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In New Documentary, Chicago’s Generosity Shines

Chicago's generosity shines in #WhatYouDoMatters, new documentary airing on @WTTW Tweet This

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“You take your privilege, and you take all the things you have, to lift other people up.”

Those words of generosity struck a chord for the audience at the Chicago Cultural Center’s Claudia Cassidy Theater on November 19. While snow flurried outside, they gathered for a heartwarming afternoon—a special community screening of What You Do Matters, the new documentary about giving in Chicago airing on WTTW 11 on Monday evening.

Produced by Kurtis Productions, What You Do Matters follows the stories of local residents who have crafted a unique personal relationship to philanthropy. Interspersed with these features are reflections on the nature of giving from dozens more Chicagoans—ranging from nonprofit leaders, to experts in the science of altruism.

The one-hour documentary was conceived by The Chicago Community Trust as part of its Centennial celebration, which took the form of a yearlong effort to celebrate stories of everyday generosity in Chicago.

Saturday’s sneak preview of the film was followed by a panel discussion with four of the film’s subjects. Moderator Jenne Myers, CEO of the volunteer matching organization Chicago Cares, kicked off by asking the panelists for their reactions to seeing the film for the first time.

For Ashley Yong, the experience was profound. “We all take inspiration from other places,” Yong explained. “And to see other people in action was just incredible.”

“I’m never lonely when I’m helping someone else,” Green says. “I never feel out of place.”

The film chronicles Yong’s evolution as a philanthropist: from the weeks leading up to her school prom, when she was preoccupied with saving for the big night, to her profound realization that the money could do so much good for people who needed it more.

Yong spent her prom fund instead on essential supplies—toothpaste, food items, warm socks—which she boxed up and personally delivered to men and women that are homeless in Chicago. Her generous impulse was the seed that would grow into her nonprofit organization, Give A Box.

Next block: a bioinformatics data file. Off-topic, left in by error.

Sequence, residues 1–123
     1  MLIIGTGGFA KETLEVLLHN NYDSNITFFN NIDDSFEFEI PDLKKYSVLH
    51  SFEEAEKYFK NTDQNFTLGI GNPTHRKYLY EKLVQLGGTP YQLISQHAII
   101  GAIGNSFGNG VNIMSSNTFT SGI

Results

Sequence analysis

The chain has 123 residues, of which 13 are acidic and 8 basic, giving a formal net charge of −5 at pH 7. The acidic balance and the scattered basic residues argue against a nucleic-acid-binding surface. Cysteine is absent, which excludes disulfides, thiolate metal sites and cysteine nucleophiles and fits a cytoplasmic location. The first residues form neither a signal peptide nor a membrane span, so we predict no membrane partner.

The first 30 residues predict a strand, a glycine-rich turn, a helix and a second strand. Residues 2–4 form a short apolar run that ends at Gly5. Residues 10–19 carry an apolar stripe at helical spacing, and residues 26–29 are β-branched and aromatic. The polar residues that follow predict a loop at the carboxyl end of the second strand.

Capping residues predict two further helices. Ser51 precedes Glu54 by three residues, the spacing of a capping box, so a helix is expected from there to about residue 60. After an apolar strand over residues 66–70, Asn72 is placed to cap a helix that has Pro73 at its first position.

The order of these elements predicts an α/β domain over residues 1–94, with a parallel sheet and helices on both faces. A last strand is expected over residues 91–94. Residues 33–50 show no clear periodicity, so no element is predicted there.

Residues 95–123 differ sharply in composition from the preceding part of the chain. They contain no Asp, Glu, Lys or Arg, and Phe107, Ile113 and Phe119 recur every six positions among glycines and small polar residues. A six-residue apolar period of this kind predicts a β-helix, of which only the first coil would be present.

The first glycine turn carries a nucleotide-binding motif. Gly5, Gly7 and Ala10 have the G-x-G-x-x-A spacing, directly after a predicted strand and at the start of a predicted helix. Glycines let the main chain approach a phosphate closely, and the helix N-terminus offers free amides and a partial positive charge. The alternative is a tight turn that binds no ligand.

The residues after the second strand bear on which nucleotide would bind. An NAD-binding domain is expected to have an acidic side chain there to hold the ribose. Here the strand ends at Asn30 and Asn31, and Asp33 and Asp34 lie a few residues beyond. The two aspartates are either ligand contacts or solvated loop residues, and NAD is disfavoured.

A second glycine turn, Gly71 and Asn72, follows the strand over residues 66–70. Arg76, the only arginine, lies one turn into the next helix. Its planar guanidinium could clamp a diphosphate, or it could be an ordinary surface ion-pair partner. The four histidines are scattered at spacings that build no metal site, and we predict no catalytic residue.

A common theme for the panelists was demystifying the word “philanthropy.”

For so many of us, “philanthropy” conjures up wealthy individuals who can afford to make transformative financial donations. But in fact, the word derives from the idea of love for humanity—a love which finds expression through giving time, or through showing care for those around us.

Sol Flores reflected on how a dedication to serving people motivates her daily. As the executive director of La Casa Norte, Flores runs the city’s largest provider of services to young people and families who are homeless, or at risk of homelessness.

“There’s nothing else in the world that I’d rather do,” Flores said.

As Cheyenne Green reflected on philanthropy, she noted, “In trying to use the big word sometimes, we’re missing the very small picture.”

Five panelists at a film screening

Green’s story began with struggle. Her early life was marked by substance abuse, addiction, and a difficult path toward accepting her trans identity.

It was while at Haymarket Center that Green found the care that would transform her life—including treatment, counseling, and a very special therapy dog named Rou.

Today Green feels blessed to be able to see beyond herself, and provide love and nurturing to those around her.

“I’m never lonely when I’m helping someone else,” Green says. “I never feel out of place.”

For several audience members at the Claudia Cassidy Theater, the film’s uplifting stories inspired tears—and questions for the panelists about their experiences of giving.

Loren Greiff responded to questions about how to put a great idea in motion by acknowledging the challenge. “It’s always so much easier not to do something,” Greiff said.

But her story provides a perfect example of the power of starting small. Greiff’s Hump & Cup project sees her in a coffee shop every Wednesday—“hump day”—surprising a stranger with the generous gesture of paying for their drink.

Several panelists agreed that they’ve faced doubt about whether they’re making a difference, or had to defend their passion for giving. “You’ll have those people, and those people will scare you. But keep going.”

Audience members also asked about challenges, setbacks—in the words of one young girl, “Were you ever scared?”

Several panelists agreed that they’ve faced doubt about whether they’re making a difference, or had to defend their passion for giving.

Yong advised, “You’ll have those people, and those people will scare you. But keep going.”

She illustrated her point with words that have discouraged her along the way. “‘You’re not finding [homeless people] a job. You’re not getting them a home,’” Yong quoted critics as saying. “‘You’re just handing them a box.’”

Seated beside her, Green was quick to respond. “I was homeless at the age of 16. And I can tell you: That roll of crackers. That deodorant. That T-shirt. Things like that made a real difference. They made a difference to someone.”

“What you do matters,” Green said. “And don’t let anybody tell you any different.”

 

What You Do Matters is now available to view online. Visit whatyoudomattersfilm.com to watch the film, explore bonus video features and more.